Summertime creates opportunity for activities that are critical to teacher rejuvenation. For some, it is the time where engaging in professional learning is the most fruitful because the capacity is greater for digging deeper into PD goals or school initiatives. (continue reading)
A good demonstration is specific, focused, and clear. Thinking aloud while demonstrating is an important way to show not just what we are doing but also how we are doing it. Modeling is not the same as demonstrating. Modeling is an important part of high-quality teaching, but in a focused strategy lesson, demonstrating is more effective. (continue reading)
How can we actively and intentionally involve students in the chart-making process so charts become an integral part of instruction? Let’s take a look at one way to involve students through the use of interactive writing. (continue reading)
The more opportunities students have to practice using the language of mathematics through conversation, the deeper their understanding will be. As students engage in brief discussion, they have the chance to hear and practice providing explanations, multiple representations, and solutions. (continue reading)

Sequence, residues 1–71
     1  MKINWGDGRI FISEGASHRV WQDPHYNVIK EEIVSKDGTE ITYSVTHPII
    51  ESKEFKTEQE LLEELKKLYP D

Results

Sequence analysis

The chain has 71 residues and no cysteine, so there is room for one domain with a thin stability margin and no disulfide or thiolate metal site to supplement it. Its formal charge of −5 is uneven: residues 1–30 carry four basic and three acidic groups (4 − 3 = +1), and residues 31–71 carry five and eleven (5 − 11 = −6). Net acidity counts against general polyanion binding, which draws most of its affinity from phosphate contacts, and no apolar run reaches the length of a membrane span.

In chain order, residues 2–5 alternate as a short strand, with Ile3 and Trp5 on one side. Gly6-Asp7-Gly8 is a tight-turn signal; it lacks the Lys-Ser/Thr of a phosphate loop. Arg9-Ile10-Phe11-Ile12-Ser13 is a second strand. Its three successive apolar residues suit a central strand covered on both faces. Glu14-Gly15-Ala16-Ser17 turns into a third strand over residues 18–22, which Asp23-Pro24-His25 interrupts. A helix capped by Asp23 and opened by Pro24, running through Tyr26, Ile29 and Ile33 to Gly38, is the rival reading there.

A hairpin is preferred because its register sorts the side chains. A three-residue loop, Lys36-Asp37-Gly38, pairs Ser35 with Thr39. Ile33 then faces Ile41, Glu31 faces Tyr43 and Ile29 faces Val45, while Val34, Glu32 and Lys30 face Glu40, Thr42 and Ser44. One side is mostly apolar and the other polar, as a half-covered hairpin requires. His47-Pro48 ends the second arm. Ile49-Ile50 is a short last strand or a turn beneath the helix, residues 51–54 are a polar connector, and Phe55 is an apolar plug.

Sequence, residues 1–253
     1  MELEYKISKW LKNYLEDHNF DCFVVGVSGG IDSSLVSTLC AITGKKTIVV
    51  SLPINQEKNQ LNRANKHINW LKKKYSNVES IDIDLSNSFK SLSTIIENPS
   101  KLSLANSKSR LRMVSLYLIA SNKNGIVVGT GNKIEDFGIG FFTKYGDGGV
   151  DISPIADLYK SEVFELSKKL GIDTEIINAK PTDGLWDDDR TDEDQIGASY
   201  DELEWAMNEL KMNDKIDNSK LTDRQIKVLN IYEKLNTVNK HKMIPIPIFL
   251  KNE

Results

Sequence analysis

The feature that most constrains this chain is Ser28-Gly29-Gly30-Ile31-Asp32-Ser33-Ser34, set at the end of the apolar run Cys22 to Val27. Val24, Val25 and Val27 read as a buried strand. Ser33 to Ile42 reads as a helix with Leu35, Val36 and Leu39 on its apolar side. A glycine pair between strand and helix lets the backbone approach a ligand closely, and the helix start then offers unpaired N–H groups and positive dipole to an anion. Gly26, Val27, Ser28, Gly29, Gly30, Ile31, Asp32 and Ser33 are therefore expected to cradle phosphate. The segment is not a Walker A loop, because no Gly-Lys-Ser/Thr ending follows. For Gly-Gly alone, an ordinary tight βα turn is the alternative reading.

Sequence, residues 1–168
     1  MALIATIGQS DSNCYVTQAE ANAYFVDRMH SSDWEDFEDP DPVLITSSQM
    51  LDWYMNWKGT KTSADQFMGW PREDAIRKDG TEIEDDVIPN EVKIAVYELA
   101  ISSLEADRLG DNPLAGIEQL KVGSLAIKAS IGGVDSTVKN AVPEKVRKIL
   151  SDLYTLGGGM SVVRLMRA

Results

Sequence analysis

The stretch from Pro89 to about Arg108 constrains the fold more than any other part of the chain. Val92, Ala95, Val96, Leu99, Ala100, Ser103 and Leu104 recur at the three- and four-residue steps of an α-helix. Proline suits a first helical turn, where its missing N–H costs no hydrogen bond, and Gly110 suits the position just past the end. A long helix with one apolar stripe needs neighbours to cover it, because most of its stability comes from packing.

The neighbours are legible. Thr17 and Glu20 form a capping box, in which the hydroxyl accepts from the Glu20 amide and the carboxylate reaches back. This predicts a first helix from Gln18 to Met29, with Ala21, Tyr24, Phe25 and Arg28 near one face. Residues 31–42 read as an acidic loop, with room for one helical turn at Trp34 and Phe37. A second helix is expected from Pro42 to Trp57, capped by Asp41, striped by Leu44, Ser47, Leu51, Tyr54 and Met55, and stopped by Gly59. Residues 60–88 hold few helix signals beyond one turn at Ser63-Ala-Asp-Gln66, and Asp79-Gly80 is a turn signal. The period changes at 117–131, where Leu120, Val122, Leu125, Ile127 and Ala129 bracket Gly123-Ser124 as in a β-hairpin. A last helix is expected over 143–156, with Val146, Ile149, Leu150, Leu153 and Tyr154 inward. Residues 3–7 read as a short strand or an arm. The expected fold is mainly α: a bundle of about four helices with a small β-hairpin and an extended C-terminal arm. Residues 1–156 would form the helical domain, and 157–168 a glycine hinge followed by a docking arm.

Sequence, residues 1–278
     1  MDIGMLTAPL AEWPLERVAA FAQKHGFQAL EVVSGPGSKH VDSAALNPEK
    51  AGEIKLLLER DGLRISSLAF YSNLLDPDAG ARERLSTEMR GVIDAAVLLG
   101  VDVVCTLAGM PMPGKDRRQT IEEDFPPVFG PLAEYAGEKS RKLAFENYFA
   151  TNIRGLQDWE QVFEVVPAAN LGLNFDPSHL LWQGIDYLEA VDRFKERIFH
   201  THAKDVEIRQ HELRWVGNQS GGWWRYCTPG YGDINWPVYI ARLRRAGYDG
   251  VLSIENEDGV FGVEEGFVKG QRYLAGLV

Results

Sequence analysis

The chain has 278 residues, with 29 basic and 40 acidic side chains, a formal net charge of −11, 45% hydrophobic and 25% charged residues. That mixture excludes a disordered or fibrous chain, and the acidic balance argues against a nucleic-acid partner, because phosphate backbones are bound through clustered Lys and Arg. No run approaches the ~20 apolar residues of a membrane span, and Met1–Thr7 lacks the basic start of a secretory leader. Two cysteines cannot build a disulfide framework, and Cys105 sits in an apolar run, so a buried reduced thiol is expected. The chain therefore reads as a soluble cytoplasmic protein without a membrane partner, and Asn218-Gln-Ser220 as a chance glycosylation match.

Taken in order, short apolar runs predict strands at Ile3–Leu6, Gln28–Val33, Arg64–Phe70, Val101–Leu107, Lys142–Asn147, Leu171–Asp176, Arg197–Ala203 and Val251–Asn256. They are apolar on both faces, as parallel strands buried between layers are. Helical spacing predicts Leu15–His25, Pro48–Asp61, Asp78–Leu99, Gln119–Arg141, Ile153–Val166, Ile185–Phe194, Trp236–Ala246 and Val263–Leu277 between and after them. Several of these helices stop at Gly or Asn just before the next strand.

There are so many instructional opportunities when conferring with students: we can nudge readers and writers to clarify thinking, address a need through teaching points, model for students what it looks like to use literacy to make sense of the world — and so much more. (continue reading)
One of the hardest things about writing is—getting started! For many of our students, drawing and talking about their drawings is just what they need to cross the barrier from a blank page to page filled with their words.
In her latest book, What’s the Best That Could Happen?, Debbie Miller explores how questions help us look beyond the limitations of what we’ve done and discover powerful new opportunities for teaching and learning.
Turn & Talk conversations will be published on the Heinemann blog throughout Heinemann’s fortieth year, enabling our readers to immerse themselves in the most critical topics in education around the world from the perspectives of two deeply respected authors with very different backgrounds. (continue reading)
When it came to choose between these two titles for our summer book study, it quickly became clear that we needed both. The intersection of messages and range of ideas for application—not just in our schools but in our lives—will create critical conversations as we mentally and emotionally prepare for the work that awaits us in August. (continue reading)
This year we join Kylene Beers, Robert Probst, Penny Kittle, Linda Rief, Chris Crutcher, and Teri Lesense, Kwame Alexander, and Kelly Gallagher to investigate aliteracy and our students through reading, thinking, and writing.
We'll be adding to the blog as this multi-day institute progresses so keep checking back! (continue reading)